'I am certain that it is not so severe, Miss Forsythe.' The voice she had recalled in her dreams for so many years was measured. It was the first time she had ever heard him speak in English, the clipped and rounded vowels of privilege hanging upon every word. She hated the way her heart began to race.
'Well, as your shin has been badly cut it is most important that you '
A shadow to one side caught her glance and then all she knew was black.
Sandrine Mercier? Speaking perfect English? Downed by the last falling remains of the chandelier and completely unconscious. The loathing he felt for her swelled in his throat. Another deceit. A further lie.
She lay on her side, her eyelashes magnified against the shining de Clare tiles, her hair shorter now, and sleeker. She was still thin, but the beauty once only promised had blossomed into a full and utter radiance.
He wanted to stand and turn away, but to do so would invite question and in his line of work such scrutiny was never a good thing.
Lydia Forsythe was screaming at the very top of her voice, but the bleeding from her leg had almost subsided. A doctor had scurried over as well as her distraught mother and a myriad of friends. Around Sandrine just himself and one girl lingered, an uncertain frown on her forehead and tears pooling in dark-brown eyes.
Albi de Clare, the host of the evening's entertainment, crouched down beside him. 'My God, I cannot understand how this has happened for the lights were installed only a few months ago and I was assured that they were well secured. If you can lift her, Nathaniel, there is a room leading off this one that should offer more privacy.'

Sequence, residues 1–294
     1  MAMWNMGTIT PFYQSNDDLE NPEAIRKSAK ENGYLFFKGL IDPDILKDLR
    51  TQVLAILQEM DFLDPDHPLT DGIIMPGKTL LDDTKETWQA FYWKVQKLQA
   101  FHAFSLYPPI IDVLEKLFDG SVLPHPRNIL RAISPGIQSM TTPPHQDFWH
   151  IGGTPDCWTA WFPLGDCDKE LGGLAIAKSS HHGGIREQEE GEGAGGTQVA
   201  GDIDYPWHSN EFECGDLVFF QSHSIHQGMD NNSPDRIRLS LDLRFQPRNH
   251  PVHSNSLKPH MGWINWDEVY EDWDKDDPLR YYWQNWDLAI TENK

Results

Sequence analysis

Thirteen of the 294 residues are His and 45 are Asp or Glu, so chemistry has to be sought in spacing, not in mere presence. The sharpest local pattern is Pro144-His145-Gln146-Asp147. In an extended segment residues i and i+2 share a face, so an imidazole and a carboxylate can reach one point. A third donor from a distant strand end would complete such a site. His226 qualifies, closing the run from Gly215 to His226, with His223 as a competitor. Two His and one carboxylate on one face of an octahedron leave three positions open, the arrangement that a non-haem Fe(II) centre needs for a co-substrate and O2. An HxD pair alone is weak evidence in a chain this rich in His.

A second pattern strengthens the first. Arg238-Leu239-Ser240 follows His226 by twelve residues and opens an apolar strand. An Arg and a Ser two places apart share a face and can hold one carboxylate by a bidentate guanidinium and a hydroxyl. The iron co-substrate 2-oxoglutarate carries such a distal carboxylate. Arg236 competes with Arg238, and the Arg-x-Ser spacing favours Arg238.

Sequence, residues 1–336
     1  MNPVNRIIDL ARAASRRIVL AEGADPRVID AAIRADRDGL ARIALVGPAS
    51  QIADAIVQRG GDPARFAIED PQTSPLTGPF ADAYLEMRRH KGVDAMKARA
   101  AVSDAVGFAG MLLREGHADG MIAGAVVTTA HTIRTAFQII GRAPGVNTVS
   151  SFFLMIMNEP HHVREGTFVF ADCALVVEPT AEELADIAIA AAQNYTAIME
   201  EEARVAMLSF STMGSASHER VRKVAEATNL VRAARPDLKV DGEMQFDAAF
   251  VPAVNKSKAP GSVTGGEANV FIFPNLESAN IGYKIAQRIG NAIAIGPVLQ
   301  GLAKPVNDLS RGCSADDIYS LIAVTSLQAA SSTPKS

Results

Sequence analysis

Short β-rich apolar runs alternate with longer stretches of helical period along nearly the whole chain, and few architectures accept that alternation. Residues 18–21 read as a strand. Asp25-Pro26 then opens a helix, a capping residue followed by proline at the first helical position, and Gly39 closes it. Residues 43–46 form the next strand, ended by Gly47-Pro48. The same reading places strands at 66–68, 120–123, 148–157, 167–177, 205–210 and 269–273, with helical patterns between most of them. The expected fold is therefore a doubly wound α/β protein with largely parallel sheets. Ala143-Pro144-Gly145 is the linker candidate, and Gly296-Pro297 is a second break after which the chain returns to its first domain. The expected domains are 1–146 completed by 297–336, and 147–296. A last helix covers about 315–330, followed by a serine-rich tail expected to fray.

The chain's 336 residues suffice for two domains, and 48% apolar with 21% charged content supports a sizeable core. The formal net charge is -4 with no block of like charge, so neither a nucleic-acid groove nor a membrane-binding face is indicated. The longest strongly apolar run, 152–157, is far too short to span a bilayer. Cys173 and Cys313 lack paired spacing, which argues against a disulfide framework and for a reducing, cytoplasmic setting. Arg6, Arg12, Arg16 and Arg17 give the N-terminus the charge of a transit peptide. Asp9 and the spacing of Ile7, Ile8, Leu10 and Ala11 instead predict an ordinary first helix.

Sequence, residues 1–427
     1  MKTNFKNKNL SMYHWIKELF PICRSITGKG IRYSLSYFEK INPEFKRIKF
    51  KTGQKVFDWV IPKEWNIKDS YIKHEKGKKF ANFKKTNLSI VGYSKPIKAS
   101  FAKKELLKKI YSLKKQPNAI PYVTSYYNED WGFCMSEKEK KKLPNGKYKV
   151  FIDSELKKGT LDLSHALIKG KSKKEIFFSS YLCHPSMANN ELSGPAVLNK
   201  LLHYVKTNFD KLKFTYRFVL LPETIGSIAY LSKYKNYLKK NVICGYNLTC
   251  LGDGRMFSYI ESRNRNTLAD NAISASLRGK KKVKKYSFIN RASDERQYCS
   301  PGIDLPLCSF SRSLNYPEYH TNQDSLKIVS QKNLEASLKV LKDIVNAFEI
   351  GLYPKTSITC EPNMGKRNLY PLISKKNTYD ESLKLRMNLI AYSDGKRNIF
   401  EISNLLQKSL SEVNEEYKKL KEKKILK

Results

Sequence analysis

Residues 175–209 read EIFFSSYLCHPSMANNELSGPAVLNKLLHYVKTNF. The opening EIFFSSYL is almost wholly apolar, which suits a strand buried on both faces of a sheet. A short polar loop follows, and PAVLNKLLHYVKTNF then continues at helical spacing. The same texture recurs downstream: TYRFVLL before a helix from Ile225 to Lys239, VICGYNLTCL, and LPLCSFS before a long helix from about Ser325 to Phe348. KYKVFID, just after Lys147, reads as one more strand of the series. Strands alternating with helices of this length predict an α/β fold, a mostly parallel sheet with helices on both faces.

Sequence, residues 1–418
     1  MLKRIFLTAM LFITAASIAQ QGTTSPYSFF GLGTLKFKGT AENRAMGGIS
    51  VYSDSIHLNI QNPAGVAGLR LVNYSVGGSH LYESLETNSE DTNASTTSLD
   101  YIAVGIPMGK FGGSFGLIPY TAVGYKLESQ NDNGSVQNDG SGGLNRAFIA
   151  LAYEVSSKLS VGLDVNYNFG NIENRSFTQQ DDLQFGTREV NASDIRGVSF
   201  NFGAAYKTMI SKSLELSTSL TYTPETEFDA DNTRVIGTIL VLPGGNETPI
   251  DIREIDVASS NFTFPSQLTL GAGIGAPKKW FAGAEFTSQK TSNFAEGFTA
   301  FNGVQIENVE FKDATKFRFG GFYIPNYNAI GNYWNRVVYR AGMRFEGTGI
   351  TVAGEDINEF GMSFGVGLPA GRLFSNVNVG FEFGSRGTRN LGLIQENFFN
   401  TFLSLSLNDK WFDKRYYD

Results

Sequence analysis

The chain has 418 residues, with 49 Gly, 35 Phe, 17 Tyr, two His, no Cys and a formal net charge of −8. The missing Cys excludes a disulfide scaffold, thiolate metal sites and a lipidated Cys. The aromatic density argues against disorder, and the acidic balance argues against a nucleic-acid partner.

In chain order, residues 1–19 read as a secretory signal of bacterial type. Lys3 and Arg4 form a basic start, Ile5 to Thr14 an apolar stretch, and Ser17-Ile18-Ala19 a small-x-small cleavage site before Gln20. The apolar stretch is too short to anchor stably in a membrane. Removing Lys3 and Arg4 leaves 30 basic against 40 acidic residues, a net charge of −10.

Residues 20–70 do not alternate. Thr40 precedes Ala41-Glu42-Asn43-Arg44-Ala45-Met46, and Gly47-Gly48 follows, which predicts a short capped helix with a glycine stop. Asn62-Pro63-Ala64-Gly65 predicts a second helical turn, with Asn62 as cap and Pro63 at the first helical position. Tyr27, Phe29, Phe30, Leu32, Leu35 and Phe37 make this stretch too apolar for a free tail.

Another touch. A further punishment. When Nat brought her into his arms blue-green eyes snapped open to his, horror blossoming into shock.
'I never faint.'
'You didn't this time, either. The debris from the chandelier hit you.'
She was vibrating with panic, her head turned away. On reaching the smaller salon he placed her down upon a sofa, wishing he could leave.
'My personal physician is amongst the guests, Nathaniel, and he is examining Miss Forsythe as we speak.' Albi de Clare's tone was muted and Nat saw Sandrine's glance flicker round taking in the presence of the others who had followed them in. 'He will come to you next.'
'No.' Already she had swung her feet onto the floor and was sitting there, head in her hands. 'Please do not take the trouble to call him, my lord. I should not wish for any fuss and I already feel so very much better.' She stood on the word and just as quickly sat down, beads of sweat garnering on her top lip.
Albi, however, was not dissuaded from seeking a medical opinion, hailing his doctor as he came into the room.
'Mr Collins, could you have a look at this injury?
The back of the patient's head has connected with the remains of the lamp.'
The old physician placed his leather satchel on a table next to the sofa before making much of extracting a pair of glasses from an outer pocket and perching them across his nose.
'Certainly, sir. Those outside intimated that you were one of the first on the scene, Lord Lindsay. Was the young lady unconscious for long after this happened?'
'Only for a few seconds,' Nat answered. 'As soon as I picked her up she seemed to regain her mind.' Plain and simple. Everything complex and twisted would come later.
Sitting, the physician held up two fingers.
'How many do you see, my dear?'